TIFF is a container format which supports a collection of other standards and like any container what's in it will be entirely down to what you (or whoever wrote the TIFF export you're using) has decided to put in it.
At a guess from the file size your converter has gone to 16bpc/RGB uncompressed. If so then that file size looks about right. If it is uncompressed we can confirm it easily...
5760 x 3860 = 22,118,400 (total pixels)
x 3 = 66,355,200 (3 colours per pixel, R/G/B)
x 2 = 132,710,400 (total image size in bytes where 16-bits = 2-bytes)
132.7Mb matches your original file size. The actual file will be a little larger to accommodate the TIFF header, metadata and possibly a preview.
As to why the TIFF is so much larger, there are a couple of main reasons:-
Interpolation - each pixel on the sensor is one of either R, G or B. To get to a full RGB image the raw converter estimates the two other colours (such as R/B for G pixel) from the surrounding pixels. That means our raw file only needs to store 1/3rd of the data that our TIFF does before we start. The truly raw uncompressed sensor data being stored is just under 39Mbytes in this case.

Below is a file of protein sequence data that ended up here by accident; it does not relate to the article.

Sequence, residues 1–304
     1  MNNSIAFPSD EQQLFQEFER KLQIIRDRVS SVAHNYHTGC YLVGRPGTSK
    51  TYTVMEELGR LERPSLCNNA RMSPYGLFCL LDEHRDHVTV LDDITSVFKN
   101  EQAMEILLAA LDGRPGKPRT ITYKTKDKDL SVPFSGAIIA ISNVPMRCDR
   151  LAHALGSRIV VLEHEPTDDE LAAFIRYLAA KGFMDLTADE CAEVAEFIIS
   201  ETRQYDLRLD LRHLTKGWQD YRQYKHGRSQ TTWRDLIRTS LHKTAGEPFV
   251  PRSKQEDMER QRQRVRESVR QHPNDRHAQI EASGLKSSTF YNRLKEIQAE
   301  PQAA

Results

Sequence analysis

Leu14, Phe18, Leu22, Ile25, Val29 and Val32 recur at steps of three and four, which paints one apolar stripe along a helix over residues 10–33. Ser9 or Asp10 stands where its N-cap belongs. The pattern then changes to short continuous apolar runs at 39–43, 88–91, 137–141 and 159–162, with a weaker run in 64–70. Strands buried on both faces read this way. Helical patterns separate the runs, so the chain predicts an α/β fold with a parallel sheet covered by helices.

Compression then comes in and takes that 39Mb down further - compression can be tuned if you know what type and format the data is versus general purpose compression algorithms and in the CR2 case they use a lossless JPEG which seems to drop the size by around 25%.
More info: CR2 is actually a TIFF based format which stores a lossless greyscale JPEG (according to this page) which is referenced by ExifTool: Canon Raw File Format - which is worth a read if nothing else than for Phil Harvey's rant about some of the (many) inadequacies of TIFF.
Additional info to cover comments: The 'extra' 6Mb is probably
0's and is just padding to make the 14-bit values fit the 16-bit (2-byte) boundary which Lightroom needs to use as it works with whole bytes. Lightroom encodes the output to match the depth it has worked to even if TIFF supported 14-bits/channel uncompressed, which IIRC, it doesn't and if it did you can assume pretty much nobody has implemented it so you'd end up with technically correct TIFFs which nobody can open (and not for the first time in my experience).